Good imagry but flabby structure
David Bowles | Berkeley, CA USA | 05/27/2006
(3 out of 5 stars)
"Emile is one of those films I really wanted to work well. The casting is first notch, from Sir Ian McKellen (in the title role), Deborah Cara Unger (his niece Nadia), Theo Crane (Maria, Nadia's daughter), Chris Martin (Carl, one late brother), Tygh Runyan (Freddy, another late brother), to Ian Tracy (Tom the repairman).
The movie relies heavily on flashbacks, which occur all too often. When these happen, the action stops and McKellen's face freezes. He appears as an his older self but wears clothes of the past, sometimes talking to characters (who respond to him) other times passively observing. In some flashbacks, he is present at events which we now know happened when he was out of the country. The last flashback in the movie is the least plausible, as it happens when McKellen is in the middle of giving an acceptance speech for an honourary degree! Better material for a nightmare, perhaps; there was a good dream sequence early in the movie.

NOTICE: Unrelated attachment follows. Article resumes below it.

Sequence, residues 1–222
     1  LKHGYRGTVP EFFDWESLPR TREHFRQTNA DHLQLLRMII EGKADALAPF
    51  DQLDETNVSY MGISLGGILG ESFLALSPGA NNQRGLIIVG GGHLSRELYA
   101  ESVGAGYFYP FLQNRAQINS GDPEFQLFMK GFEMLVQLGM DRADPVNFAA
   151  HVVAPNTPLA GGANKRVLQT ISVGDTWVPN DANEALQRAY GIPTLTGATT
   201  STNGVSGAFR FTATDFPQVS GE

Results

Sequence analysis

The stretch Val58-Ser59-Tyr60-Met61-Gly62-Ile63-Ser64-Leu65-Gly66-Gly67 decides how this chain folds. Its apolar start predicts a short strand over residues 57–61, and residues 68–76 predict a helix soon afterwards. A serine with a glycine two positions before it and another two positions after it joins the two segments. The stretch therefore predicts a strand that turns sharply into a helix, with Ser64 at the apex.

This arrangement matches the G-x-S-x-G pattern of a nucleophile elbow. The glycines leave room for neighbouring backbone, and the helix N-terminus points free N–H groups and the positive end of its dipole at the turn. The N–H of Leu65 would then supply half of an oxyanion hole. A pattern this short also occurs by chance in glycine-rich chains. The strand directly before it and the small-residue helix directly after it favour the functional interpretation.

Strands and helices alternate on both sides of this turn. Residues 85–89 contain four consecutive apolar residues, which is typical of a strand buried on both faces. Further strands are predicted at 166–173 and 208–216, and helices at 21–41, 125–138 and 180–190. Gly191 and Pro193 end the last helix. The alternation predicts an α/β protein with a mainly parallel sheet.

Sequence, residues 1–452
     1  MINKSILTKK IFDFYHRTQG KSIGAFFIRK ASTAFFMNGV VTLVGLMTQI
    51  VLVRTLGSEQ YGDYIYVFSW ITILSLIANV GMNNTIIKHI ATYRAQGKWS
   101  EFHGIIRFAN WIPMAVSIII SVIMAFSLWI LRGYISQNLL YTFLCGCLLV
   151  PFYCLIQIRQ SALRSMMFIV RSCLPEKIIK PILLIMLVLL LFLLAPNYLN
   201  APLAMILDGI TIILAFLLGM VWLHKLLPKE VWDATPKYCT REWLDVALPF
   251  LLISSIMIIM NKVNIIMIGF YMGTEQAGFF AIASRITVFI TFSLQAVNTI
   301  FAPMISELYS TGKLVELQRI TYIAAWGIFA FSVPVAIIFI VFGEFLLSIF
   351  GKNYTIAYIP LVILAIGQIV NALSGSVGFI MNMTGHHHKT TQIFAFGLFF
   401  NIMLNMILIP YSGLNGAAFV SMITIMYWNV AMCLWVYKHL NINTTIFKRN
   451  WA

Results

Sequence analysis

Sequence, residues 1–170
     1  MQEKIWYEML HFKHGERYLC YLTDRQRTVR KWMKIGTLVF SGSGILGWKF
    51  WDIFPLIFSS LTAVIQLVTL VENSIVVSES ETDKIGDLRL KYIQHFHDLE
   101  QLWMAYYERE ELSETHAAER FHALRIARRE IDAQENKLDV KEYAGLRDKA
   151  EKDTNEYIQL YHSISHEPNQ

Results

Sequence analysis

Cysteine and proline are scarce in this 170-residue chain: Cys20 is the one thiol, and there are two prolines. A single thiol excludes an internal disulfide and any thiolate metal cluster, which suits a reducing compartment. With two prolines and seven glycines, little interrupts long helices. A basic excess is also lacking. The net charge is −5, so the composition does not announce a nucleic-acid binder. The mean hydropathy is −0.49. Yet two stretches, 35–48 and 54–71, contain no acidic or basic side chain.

The interaction between McKellen and Unger is first-rate, moving from the "hostility" type of hospitality, through confrontation, sadness, acceptance and finally mutual recognition. Though we aren't presented with a complete account of what happened all those years ago, by the end everyone has got closer to each other yet evidently maintains their own lives and independence. Aside from the niece and daughter (and dead relatives) the only other character who contributes significantly is the hunk-in-the-rough repairman: is it mere coincidence that once he starts working on the house, the main characters draw closer?
All said, the camera work is excellent; this film really "gets" Victoria, an enigmatic city on Vancouver Island loved for its beauty yet reviled for its boredom. As with the flashbacks, the score by Vincent Mai is repetitous at times and could have illustrated the flashbacks more effectively."